Major train derailments and collisions can be spectacular. Their economic and environmental consequences are considerable, and they kill and injure people. In response, over the past 40 years, pressed by the National Transportation Safety Board (NTSB), the Federal Railroad Administration (FRA) and Congress (by statute in 2008) the railroads have been implementing Positive Train Control (PTC) systems to reduce the potential for these crashes.
Exhibit space and sponsorships are now open for sale at Railway Interchange 2019, the largest railway exhibition and technical conference in North America. Indoor and outdoor exhibits will be available at the Minneapolis Convention Center and BNSF Railway’s Northtown yard, respectively. Exhibits will be open September 22-24.
BNSF Railway Co. Executive Chairman Matthew K. Rose will step down and retire from the railroad in April of 2019, after 26 years of service. At the end of his tenure, Rose will have been Executive Chairman for six years, and BNSF CEO for the prior 13 years. He also served in senior marketing and operations positions at BNSF before assuming the CEO role in 2000.
A new report from Oxford Economics has found that the railway supply industry’s total contribution to U.S. gross domestic product (GDP) in 2017 was $74.2 billion, which highlights the industry’s significant economic impact, said industry stakeholders.
The House Transportation and Infrastructure Committee, Subcommittee on Railroads, Pipelines and Hazardous Materials held its second hearing of the year on Sept. 13 on implementation of Positive Train Control (PTC).
Railway Age Editor-in-Chief William C. Vantuono, writing about the most recent congressional hearing on Positive Train Control, as well as attempts by some Members of Congress to arm-twist the Federal Railroad Administration on granting exemptions, opined, “I’ve said it before many times, but it’s always worth repeating: Politics should not be involved in safety. Why engage in politics at this stage of the game? What is the agenda here? Who or what is behind this?”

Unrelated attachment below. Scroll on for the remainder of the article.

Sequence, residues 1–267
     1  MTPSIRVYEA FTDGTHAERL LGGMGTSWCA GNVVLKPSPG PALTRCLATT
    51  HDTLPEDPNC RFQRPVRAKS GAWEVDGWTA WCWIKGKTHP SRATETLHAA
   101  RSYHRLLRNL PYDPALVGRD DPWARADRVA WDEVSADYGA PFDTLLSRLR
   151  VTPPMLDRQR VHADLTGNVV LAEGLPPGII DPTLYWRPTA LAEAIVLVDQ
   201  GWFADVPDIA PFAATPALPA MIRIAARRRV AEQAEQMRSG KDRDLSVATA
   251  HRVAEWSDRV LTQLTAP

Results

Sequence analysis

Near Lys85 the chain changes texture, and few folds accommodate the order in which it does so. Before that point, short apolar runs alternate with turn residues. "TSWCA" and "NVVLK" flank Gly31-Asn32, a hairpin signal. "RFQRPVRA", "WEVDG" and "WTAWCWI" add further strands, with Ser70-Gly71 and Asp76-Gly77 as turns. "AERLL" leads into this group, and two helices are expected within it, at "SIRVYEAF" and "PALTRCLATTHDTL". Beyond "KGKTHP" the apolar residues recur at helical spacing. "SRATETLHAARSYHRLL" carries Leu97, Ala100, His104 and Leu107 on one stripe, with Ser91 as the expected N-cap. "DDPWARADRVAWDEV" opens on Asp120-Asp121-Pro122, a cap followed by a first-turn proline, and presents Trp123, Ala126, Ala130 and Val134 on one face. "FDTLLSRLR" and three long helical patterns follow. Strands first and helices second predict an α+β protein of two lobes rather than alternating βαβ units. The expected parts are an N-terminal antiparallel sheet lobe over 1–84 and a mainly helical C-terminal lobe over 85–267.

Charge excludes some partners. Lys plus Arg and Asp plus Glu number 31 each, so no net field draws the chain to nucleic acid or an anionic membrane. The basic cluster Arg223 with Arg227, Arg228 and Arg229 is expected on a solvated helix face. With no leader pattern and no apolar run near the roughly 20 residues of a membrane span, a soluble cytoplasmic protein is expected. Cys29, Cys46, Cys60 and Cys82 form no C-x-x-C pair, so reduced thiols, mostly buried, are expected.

Testifying on Sept. 13 at a House Committee on Transportation & Infrastructure Subcommittee on Railroads, Pipelines, and Hazardous Materials hearing on Positive Train Control, Amtrak Chief Operating Officer Scot Naparstek said—in contrast to what President and CEO Richard Anderson has stated in previous hearings—that the railroad will not discontinue long-distance train operations on freight railroad routes that lack fully functioning PTC by Jan, 1, 2019, and will apply to the Federal Railroad Administration for an alternative schedule with a Dec. 31, 2020 deadline.
Chicago’s Metra will not raise fares in 2019, but could cut services beginning in 2020 if it doesn’t receive state funding.
The Federal Railroad Administration is making available the remaining $46.3 million of $250 million in Positive Train Control (PTC) Consolidated Rail Infrastructure and Safety Improvements (CRISI) Program grant money. FRA on Sept. 12 issued a Notice of Funding Opportunity (NOFO), to solicit applications.
Pacific Harbor Line (PHL), an Anacostia & Pacific switching and terminal railroad, has promoted Stephane Perri to General Superintendent. He will be directing all transportation operations in his new role.